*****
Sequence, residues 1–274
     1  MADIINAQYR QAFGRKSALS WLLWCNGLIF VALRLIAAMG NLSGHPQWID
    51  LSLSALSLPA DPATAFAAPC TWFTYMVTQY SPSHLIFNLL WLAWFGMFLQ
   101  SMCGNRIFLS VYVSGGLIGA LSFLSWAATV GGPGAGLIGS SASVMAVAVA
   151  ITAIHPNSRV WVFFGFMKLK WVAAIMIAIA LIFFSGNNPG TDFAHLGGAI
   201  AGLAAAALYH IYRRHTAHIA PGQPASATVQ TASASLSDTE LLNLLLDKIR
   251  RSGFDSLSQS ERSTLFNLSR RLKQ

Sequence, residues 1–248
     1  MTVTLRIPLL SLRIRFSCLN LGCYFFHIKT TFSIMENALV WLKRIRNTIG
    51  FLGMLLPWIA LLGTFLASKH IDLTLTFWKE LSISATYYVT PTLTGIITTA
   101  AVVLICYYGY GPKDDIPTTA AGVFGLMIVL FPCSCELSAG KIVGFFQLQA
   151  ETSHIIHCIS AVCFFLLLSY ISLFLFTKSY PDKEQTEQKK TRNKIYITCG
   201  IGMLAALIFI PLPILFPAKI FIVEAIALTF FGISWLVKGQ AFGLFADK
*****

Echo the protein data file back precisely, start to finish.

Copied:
Sequence, residues 1–274
     1  MADIINAQYR QAFGRKSALS WLLWCNGLIF VALRLIAAMG NLSGHPQWID
    51  LSLSALSLPA DPATAFAAPC TWFTYMVTQY SPSHLIFNLL WLAWFGMFLQ
   101  SMCGNRIFLS VYVSGGLIGA LSFLSWAATV GGPGAGLIGS SASVMAVAVA
   151  ITAIHPNSRV WVFFGFMKLK WVAAIMIAIA LIFFSGNNPG TDFAHLGGAI
   201  AGLAAAALYH IYRRHTAHIA PGQPASATVQ TASASLSDTE LLNLLLDKIR
   251  RSGFDSLSQS ERSTLFNLSR RLKQ

Sequence, residues 1–248
     1  MTVTLRIPLL SLRIRFSCLN LGCYFFHIKT TFSIMENALV WLKRIRNTIG
    51  FLGMLLPWIA LLGTFLASKH IDLTLTFWKE LSISATYYVT PTLTGIITTA
   101  AVVLICYYGY GPKDDIPTTA AGVFGLMIVL FPCSCELSAG KIVGFFQLQA
   151  ETSHIIHCIS AVCFFLLLSY ISLFLFTKSY PDKEQTEQKK TRNKIYITCG
   201  IGMLAALIFI PLPILFPAKI FIVEAIALTF FGISWLVKGQ AFGLFADK